Birds, bogs, and biscuits: Experiencing life at Auchnerran

Written by Isabella Allan, Scottish Lowlands placement student

On a drizzly Saturday in November, four students packed up their fieldwork gear and drove up the winding and picturesque road to Auchnerran, the GWCT Scottish Demonstration Farm. We were greeted in the dark by the lichen-lined woodlands that surround the farm, and Rachael and I (the two Scottish Lowlands students) were shown to our (very cold) accommodation and given a basket of firewood by Seth and Kate (the two Auchnerran students).

Auchnerran view (Isabella Allan)
A view of Auchnerran. (Credit: Isabella Allan)

Looking out of the window on Sunday morning was a moment that I will remember for a long time. I was taken aback by the eerie but stunning beauty of the Cairngorms: the sky vast, the undergrowth brushed with the russet of autumn, the trees creaking gently in the wind, and various patches of farmland stretching as far as the eye could see. We all took advantage of the local area and the cold but clear weather: Rachael climbed Morven, the local 706m mountain, and Kate and I explored the bookshops and cafes of Ballater before taking a walk around the farm with the aim to identify the masses of different species of lichen that coat every surface in the area. We found fairy circles, and rabbit skulls, and enjoyed the peaceful silence of the woodland as the sun set.

Checking trail camera Fairy circle at Auchnerran
Left: Isabella checking the settings on a trail camera. Right: A fairy circle in the woodland. (Credit: Kate Goodman and Isabella Allan)

Monday morning began our fieldwork extravaganza. We started by swapping out SD cards and batteries from the trail cameras that continuously monitor badgers around the farm, and then continued with winter bird surveys.

Kate behind a bag of grain Seth taking part in winter bird surveys
Left: Kate behind a bag of grain. Right: Seth taking part in winter bird surveys. (Credit: Isabella Allan and Rachael Hustler)

A winter bird survey involves walking the perimeter of each field on the farm and recording what bird species you see, how many there are, and where you saw them. We did these surveys each day that week with Max (the research assistant at Auchnerran) splitting his time, and expertise, between us. It was an excellent way to get a good idea of the layout of the farm and to practise those all-important bird identification skills at the same time. We saw lots of exciting species such as fieldfares, kestrels, kites, coal tits, and of course plenty of buzzards.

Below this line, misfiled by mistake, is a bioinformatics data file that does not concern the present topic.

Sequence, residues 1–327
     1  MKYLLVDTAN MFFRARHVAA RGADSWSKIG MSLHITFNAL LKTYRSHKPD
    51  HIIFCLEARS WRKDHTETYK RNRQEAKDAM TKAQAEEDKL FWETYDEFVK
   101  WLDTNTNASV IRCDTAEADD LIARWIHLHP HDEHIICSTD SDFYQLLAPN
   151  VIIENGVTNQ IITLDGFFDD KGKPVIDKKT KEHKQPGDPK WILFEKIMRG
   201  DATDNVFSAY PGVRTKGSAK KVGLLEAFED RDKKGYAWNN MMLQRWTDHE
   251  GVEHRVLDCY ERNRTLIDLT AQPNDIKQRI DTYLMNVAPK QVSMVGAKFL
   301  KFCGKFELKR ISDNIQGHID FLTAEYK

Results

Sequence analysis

Kate counting rabbits with thermal binoculars Rachael counting rabbits with a lamp
Left: Kate counting rabbits with thermal binoculars. Right: Rachael counting rabbits with a lamp. (Credit: Isabella Allan and Seth Howell)

Our evenings were spent rabbit lamping: walking over each field with a big torch or a pair of thermal binoculars and counting how many rabbits we could see. We alternated nights between lamps and thermal binoculars, to ensure that the thermal binoculars result in a reliable count that does not differ too much from the traditional lamping method. We were lucky: the nights were mostly clear and not too wet, and we managed to get a good deal of land covered between the five of us despite the rough terrain. The clear nights were not enough to stop me from tripping into a bog on the first evening, though! Luckily my boots and waterproof trousers kept me dry enough to finish the night’s work, and Kate had plenty of biscuit-based snacks to keep our energy up. It was thrilling to be out in the dark and to see a great deal of wildlife that you usually do not encounter in the daytime. We saw woodcock and snipe, deer and hares, and on the second night, Kate and I were lucky enough to encounter two otters eating a rabbit in the stream next to the road!

The four students getting ready to head out for an evening of counting rabbits using thermal binoculars
The four students getting ready to head out for an evening of
counting rabbits using thermal binoculars. (Credit: Max Wright)

The week was filled with adventure and learning, and I got the opportunity to practise so many skills and use exciting equipment. I am thoroughly looking forward to my next opportunity to visit Auchnerran, even if it does come with the risk of getting up close and personal with a bog!


Re predators

at 11:06 on 26/02/2024 by Robert Hales

I’m am of course worried about tomorrow because of the increase number of predators too many deaths of wildlife what’s left.

Great Blog!

at 9:10 on 26/02/2024 by Imogen Zara Vowles

Sounds like an action-packed week! :)

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